School days in East Lyme are about to get longer. According to the new schedules released last week, elementary and middle schools will be in session an extra 25 minutes each day. New London schools also are looking to lengthen the school day.
This may seem minor to school administrators. But consider what this means to the family: 25 minutes a day is a total of 4,500 minutes, or 75 hours, a year. This is the equivalent of 11.5 additional school days. Put another way, parents are losing more than two school weeks with their children. I'm all for offering the best educational opportunities to my kids, but not at the expense of the family. Besides, is enhancing educational opportunity what this is really about?
In a meeting with parents last spring, East Lyme Schools Superintendent John Reynolds, the man behind this idea, told us that the extra 25 minutes would provide elementary school children with an additional daily "special," defined as library, art, music, computers, and gym. Currently, students get one special a day. Parents were also told that 25 additional minutes would give students (1) an expanded instrumental music program and (2) a new global language program in elementary school.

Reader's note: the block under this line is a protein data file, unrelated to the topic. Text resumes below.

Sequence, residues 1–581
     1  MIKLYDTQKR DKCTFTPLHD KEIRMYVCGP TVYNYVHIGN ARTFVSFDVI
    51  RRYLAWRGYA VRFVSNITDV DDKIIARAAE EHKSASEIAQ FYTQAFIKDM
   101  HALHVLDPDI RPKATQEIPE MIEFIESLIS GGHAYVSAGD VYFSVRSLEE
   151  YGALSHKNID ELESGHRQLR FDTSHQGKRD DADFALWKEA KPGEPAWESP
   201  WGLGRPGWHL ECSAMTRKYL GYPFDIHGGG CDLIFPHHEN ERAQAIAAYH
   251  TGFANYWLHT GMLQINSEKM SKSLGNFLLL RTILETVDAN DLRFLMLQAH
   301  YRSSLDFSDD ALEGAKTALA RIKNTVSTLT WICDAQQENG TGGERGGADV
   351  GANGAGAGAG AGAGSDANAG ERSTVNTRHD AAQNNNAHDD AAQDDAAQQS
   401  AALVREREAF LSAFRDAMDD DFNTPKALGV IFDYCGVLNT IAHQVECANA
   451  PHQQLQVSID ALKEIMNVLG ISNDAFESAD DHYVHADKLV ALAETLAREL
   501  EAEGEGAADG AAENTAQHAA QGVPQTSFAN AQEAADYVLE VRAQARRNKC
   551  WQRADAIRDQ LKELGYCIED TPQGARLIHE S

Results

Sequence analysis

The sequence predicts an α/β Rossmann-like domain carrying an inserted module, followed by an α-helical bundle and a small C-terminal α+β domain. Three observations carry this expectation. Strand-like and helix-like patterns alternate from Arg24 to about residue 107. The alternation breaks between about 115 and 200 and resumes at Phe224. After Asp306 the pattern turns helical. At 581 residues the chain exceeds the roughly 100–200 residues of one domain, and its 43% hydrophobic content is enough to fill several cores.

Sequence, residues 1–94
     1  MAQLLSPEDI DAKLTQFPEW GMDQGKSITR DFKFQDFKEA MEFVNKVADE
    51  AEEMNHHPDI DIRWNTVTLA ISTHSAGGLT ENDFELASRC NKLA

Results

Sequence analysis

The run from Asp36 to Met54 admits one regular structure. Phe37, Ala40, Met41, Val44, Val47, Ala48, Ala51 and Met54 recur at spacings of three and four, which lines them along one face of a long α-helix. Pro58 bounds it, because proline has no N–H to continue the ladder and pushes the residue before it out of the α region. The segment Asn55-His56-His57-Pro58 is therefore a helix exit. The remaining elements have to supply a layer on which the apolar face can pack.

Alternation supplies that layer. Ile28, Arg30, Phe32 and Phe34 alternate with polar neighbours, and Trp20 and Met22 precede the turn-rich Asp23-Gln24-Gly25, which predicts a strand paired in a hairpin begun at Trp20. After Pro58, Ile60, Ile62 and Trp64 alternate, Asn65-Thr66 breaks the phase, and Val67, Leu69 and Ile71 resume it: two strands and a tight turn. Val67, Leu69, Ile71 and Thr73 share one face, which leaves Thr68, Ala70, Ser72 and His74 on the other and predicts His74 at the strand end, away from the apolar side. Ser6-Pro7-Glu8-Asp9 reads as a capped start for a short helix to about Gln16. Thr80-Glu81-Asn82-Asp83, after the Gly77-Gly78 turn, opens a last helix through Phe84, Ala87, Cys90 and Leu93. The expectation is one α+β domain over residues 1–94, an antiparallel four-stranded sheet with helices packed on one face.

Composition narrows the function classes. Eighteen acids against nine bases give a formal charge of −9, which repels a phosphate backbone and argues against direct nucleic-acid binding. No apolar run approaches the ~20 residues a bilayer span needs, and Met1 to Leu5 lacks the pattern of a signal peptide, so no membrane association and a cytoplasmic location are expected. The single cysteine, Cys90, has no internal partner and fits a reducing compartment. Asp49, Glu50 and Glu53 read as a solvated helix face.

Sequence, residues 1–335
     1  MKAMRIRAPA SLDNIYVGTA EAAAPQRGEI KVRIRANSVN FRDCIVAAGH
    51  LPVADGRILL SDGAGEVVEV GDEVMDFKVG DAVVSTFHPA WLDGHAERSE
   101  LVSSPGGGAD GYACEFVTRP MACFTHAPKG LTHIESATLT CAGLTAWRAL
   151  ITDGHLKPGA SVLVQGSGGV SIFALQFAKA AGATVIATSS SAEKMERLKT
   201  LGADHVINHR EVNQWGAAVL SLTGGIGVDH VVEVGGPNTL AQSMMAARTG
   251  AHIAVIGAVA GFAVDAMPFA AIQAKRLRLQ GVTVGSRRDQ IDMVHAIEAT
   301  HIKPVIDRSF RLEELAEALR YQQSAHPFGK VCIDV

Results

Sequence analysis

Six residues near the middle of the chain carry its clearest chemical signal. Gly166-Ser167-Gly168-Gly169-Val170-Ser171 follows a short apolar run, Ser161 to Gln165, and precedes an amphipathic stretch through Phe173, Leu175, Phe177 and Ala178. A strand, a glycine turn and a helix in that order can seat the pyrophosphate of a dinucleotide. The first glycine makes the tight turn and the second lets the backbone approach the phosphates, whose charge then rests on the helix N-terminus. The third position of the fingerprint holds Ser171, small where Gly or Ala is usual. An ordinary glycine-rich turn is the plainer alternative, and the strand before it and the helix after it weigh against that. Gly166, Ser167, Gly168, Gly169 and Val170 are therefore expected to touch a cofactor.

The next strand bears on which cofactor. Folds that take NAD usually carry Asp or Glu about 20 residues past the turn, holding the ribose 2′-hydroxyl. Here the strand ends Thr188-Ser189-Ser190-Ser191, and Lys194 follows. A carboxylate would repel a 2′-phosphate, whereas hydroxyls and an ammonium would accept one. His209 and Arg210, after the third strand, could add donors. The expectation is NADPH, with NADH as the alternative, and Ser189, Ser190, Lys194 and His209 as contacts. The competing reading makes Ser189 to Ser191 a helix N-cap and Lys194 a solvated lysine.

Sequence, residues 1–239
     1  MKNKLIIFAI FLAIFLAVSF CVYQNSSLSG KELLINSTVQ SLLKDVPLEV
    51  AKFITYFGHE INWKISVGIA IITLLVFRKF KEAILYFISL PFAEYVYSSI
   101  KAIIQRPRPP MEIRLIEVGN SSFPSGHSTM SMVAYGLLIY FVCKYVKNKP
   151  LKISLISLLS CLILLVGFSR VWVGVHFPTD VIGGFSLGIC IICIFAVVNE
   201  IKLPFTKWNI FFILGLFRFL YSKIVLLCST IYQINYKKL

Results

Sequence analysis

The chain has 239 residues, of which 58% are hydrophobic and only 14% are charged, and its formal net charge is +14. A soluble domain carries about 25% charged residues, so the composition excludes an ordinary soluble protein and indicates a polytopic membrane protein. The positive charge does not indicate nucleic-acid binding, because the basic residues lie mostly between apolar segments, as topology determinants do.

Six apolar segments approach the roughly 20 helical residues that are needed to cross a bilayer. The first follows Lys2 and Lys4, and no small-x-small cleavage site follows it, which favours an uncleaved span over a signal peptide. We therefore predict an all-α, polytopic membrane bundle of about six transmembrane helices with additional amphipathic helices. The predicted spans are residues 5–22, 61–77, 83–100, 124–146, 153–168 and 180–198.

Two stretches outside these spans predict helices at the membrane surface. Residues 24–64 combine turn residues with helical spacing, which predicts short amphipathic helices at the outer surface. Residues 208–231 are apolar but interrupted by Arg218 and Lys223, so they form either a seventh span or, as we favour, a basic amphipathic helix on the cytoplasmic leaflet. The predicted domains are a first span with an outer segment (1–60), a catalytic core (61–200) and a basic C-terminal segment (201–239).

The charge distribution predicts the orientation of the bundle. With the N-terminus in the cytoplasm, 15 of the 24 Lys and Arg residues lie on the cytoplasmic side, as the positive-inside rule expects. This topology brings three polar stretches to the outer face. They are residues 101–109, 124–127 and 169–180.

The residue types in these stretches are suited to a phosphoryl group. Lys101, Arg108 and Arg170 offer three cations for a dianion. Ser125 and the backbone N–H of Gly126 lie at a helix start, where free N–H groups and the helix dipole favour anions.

It sounded impressive. Too bad we were never told that teachers opposed the superintendent's plan. Why? Perhaps because when the extended school day was pitched to teachers, they were told something different from what parents were told. Specifically, they were told that the math instructional time in East Lyme's elementary schools wasn't measuring up to that in other schools in their Educational Reference Group. According to the state, our district is reporting only 150 hours of math instruction per year. How can this be? My son's third-grade class spends an hour daily on math. Multiply that times the 180 days of school and the answer is 180 hours, not 150.
Yet the minutes of a meeting between school administrators and teachers held a year ago reported that "the schedule (increase) is meant to address increasing elementary hours to line up with our ERG." An ERG is a grouping method that rates schools based on similar demographic measures, such as population and family income. If the motive for lengthening school days is to enhance our appearance within our ERG, then the idea should be scrapped.